Presentations by Stream
Border in/securities – at the nexus of space and emotions in Central- and Eastern Europe I
Borders, in particular those enclosing larger regions, nation states or supranational unions, are and have always been related to questions of insecurity and security. Recently, various crises and conflicts particularly in Central- and Eastern Europe have highlighted the relevance of understanding the role borders have in geopolitical dimensions as well as everyday life. They have given impulses to renegotiations of borders, more often than not in relation to aims of establishing security.
As socially constructed spatial structures, borders involve different perspectives and actors creating and negotiating them. This involves political elites in the center of the state, people living close to it or those wanting to cross it for various reasons, e.g. business, travel, seeking refuge. The Russian war in Ukraine, international migration dynamics, pandemics as SARS-CoV-2, climate change and other crises have led to increasingly closed borders and/or extremely selective border regimes to overcome them. At the same time, borders have proven to be places of hope generated by a perceived, expected or constructed better life and security on the “other” side.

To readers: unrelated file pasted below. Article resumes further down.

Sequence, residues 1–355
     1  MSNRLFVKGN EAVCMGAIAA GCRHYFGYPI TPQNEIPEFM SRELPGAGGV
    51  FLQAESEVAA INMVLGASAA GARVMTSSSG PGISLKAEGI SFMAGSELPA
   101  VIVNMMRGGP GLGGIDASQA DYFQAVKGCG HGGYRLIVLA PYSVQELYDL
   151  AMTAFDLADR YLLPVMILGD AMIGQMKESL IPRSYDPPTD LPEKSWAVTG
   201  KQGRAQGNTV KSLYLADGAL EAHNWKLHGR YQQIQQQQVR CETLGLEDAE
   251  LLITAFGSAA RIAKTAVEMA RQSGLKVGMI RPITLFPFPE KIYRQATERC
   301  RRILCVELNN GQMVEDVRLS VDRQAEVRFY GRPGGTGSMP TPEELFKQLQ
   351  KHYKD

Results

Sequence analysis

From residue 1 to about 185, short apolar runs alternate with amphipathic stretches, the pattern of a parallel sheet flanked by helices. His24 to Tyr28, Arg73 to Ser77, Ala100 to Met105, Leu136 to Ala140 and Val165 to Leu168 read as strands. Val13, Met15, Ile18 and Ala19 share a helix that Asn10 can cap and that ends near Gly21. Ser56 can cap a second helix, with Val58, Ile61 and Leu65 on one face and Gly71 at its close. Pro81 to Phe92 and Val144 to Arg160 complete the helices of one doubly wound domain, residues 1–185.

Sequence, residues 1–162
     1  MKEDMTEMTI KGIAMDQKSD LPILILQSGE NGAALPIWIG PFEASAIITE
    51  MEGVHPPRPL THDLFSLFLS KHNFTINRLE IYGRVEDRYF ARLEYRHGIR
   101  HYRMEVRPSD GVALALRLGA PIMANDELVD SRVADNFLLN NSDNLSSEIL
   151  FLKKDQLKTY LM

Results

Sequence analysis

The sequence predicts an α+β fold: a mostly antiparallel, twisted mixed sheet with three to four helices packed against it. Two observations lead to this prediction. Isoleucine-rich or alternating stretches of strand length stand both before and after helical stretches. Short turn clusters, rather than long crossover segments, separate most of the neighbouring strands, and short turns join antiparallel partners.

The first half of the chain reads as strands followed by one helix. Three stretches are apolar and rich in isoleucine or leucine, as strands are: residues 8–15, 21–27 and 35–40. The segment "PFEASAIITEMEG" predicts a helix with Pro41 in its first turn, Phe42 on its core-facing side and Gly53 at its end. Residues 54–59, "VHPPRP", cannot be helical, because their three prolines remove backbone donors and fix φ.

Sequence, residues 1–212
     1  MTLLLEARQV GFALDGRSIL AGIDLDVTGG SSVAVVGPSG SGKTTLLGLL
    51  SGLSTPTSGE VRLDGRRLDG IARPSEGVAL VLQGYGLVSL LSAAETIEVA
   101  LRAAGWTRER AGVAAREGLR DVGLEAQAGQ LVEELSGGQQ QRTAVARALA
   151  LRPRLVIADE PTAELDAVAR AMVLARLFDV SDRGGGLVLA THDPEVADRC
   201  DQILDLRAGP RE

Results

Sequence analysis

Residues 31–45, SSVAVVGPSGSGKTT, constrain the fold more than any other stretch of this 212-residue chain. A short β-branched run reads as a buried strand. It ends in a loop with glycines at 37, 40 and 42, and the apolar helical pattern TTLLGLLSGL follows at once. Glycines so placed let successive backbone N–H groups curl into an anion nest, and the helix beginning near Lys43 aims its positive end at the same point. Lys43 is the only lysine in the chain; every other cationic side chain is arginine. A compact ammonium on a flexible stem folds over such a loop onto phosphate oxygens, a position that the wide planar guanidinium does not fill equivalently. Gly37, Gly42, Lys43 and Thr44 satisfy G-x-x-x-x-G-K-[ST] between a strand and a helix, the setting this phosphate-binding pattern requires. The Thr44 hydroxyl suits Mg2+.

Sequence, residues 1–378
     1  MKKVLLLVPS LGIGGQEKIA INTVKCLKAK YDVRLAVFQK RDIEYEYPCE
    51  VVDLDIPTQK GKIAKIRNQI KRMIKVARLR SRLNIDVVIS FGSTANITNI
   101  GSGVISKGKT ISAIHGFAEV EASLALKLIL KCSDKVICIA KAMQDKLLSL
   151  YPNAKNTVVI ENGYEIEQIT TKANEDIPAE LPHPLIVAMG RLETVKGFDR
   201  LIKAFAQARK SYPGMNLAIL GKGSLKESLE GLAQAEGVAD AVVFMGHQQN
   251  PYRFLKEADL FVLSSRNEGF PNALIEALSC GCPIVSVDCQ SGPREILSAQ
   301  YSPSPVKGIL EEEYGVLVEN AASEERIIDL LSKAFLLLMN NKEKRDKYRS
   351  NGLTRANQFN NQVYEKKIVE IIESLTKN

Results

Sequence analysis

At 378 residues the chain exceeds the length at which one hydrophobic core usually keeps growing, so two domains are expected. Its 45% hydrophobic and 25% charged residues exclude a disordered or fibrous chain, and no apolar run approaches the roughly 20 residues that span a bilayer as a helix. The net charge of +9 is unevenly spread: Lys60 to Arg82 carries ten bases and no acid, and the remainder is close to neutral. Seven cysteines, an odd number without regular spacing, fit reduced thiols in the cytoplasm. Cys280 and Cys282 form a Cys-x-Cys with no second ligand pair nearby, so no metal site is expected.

Experiencing these border changes makes us aware of the complexity and conflicts of bordering and their differentiated entanglements with questions of being or feeling in/secure or safe. While border research has traditionally emphasized larger geopolitical questions of securitization, its regulations and materialisations, more recent social research has increasingly addressed the level of the everyday, the subjects and embodiments of insecurity and security at borders. This session aims at giving impulse to a differentiated debate of border in/securities and their entanglement with current social and political processes in Central and Eastern Europe.
Along recent and current research, we will discuss the influence of current events on the discursive negotiation, material representation and practices, that make borders in CEE- and how they relate to local as well as global dimensions of security and insecurity. Which actors are involved and in which way do contradicting effects occur in in/securing the border? How do these processes play out across different scales, affected by conflicting concepts and structures of in/securities, e.g. everyday needs vs. national, supranational, global geopolitical security aims? And last but not least, what emotions are connected or evoked with representations and perceptions of (in/secure) borders by different actors?